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  1. #1
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    Taking PT job as Spin Instructor for extra hours on bike.

    I'm looking into taking a job as a Spin Instructor to boost hours on bike. I live in the North East and THANK GOD we get so much cold weather...

    Neways -while keeping my personal RPE at around 4-5 or endurance/tempo does anyone else agree this is a good way to boost weekly hours on a bike/build slow twitch muscles. I'll also be suffering away with 2-3+ hour work out 5 days a week at different intensity levels as any competitor should.

    Thhaankk yoouuuu

  2. #2
    just another gosling Carbonfiberboy's Avatar
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    It's a great aerobic workout, but it'll screw up your spin and out of saddle coordination. That's because the heavy flywheel makes it way too easy to forget how to pedal. Supplement with OLP and spin work on your own trainer or rollers, rollers preferably for better out of saddle work. Also be careful of your hands.

  3. #3
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    great advice abou the roller... but what is OLP.. and "careful about your hands"...???

  4. #4
    just another gosling Carbonfiberboy's Avatar
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    One Legged Pedaling. Spin bikes seem to offer many hand positions, but basically you're just sitting there so it's not the same variety. Good gloves, straight wrists, shake it out.

  5. #5
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    Quote Originally Posted by bikingman View Post
    Neways -while keeping my personal RPE at around 4-5 or endurance/tempo does anyone else agree this is a good way to boost weekly hours on a bike/build slow twitch muscles.
    If you're teaching a spin class don't you need to do something more interesting than riding endurance/tempo for an hour?

  6. #6
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    Well I coulldd. I'd be instructing the class, not taking the class. I just as easy as some pollys can leave the resistance low. I'm going to try and get students to buy/use HR monitors for real workouts. Get those gerbils moving

  7. #7
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    Thank you CFB for the good advice

  8. #8
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    Spin classes are awesome. I spend quite a bit of time on the bike and have found that if I can do the same interval workout on a spin bike. I find good spin bikes to be nice to work on form with, even One legged pedaling. You just have to make sure to control yourself and know that you can free spin. I have trainers and rollers at home, but mixing a spin class in is fun. Exercise is exercise. I don't think anyone will forget how to pedal, just make it a point to keep pedaling. Just my two cents.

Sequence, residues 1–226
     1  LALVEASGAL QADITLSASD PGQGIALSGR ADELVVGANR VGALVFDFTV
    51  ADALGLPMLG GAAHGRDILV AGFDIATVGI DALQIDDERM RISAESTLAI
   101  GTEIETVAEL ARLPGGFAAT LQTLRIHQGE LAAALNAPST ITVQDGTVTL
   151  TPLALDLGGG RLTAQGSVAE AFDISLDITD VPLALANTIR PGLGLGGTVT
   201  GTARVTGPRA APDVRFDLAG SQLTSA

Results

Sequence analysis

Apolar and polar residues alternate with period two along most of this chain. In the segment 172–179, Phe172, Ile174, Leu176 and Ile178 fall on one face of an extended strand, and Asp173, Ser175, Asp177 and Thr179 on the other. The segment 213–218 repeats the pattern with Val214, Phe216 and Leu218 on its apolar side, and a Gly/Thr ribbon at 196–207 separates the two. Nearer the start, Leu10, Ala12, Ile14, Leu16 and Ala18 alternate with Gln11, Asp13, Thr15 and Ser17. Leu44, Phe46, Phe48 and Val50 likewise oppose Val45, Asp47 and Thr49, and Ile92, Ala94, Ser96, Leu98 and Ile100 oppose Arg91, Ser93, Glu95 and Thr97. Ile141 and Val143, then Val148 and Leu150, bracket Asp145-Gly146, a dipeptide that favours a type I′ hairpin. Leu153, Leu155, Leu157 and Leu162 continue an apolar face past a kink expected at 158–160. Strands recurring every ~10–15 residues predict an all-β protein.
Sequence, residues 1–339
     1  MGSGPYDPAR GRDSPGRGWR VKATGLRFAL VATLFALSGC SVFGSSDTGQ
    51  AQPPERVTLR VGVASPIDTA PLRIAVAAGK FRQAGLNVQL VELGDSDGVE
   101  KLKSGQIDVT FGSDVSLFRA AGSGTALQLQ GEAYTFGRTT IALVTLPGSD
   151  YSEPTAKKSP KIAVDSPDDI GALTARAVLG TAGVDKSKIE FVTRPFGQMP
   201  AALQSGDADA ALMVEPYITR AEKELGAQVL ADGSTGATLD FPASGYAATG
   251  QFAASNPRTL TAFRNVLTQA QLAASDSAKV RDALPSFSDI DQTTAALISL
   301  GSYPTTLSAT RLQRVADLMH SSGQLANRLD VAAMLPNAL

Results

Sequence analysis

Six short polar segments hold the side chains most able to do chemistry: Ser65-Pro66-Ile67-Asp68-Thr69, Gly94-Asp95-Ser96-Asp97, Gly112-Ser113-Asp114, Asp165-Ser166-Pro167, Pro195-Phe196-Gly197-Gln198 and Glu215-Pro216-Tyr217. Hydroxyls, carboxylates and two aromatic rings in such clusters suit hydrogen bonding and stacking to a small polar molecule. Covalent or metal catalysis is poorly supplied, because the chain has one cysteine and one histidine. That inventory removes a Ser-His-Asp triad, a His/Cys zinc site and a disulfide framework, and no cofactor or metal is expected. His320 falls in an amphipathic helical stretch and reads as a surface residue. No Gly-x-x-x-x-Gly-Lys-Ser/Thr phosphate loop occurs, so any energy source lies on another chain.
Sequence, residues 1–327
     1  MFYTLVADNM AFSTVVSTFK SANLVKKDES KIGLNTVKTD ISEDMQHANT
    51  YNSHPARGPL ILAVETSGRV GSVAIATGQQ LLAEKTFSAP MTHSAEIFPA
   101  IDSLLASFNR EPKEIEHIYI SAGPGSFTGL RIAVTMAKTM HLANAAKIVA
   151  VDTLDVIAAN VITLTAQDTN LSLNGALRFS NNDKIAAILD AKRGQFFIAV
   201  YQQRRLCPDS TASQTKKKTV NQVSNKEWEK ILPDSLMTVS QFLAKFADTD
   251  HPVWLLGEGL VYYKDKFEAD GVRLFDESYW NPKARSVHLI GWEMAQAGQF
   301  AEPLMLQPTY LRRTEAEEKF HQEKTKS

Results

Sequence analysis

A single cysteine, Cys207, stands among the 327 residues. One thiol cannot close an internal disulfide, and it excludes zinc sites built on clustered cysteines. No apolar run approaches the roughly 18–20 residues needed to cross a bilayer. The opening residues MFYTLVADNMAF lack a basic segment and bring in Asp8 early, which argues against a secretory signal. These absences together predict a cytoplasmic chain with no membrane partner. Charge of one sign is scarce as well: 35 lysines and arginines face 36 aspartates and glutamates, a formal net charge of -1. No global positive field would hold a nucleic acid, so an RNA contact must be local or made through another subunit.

9. #9
    Senior Member squirtdad's Avatar
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    If you are instructing I assume you have done some spin classes....but any way

    You have to have awesome music.....as an occaisonal class take the music can make or break it.

    Spin classes (the ones i've been to) are not just ride hard. The instuctor varies a log... in seat high cadence, low load, out of seat high load, etc we are constandly up and down an changing resistatnce.
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  10. #10
    Administrator CbadRider's Avatar
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    I've been teaching spin classes for several years. I try to gear mine toward cyclists who also ride on the road. I do tempo rides, intervals, LT workouts, cadence drills, you name it. Instead of getting in and out of the saddle a lot and resting every other song, I focus on strength and endurance.

    We did the 2x20 minute AT test recently. It's nice to do on a spin bike because you don't have to worry about stopping for cars or signals.

    Vary your workout so the students don't get bored. Give them options so the hardcore cyclists can work hard while those just there for an aerobics workout can take a break. Example: I do a time trial class where the students get their choice of three 9-minute trials with a 4 minute recovery in between, two 15-minute trials with a 5 minute recovery, or a single 35-minute trial. The hardcore people go for 35 minutes, the newbies do the 9 minute version.
    Quote Originally Posted by toddles View Post
    So Tom only hires people that are nutty? Is part of the requirement to be a moderator on this site is that you have to be nuts??
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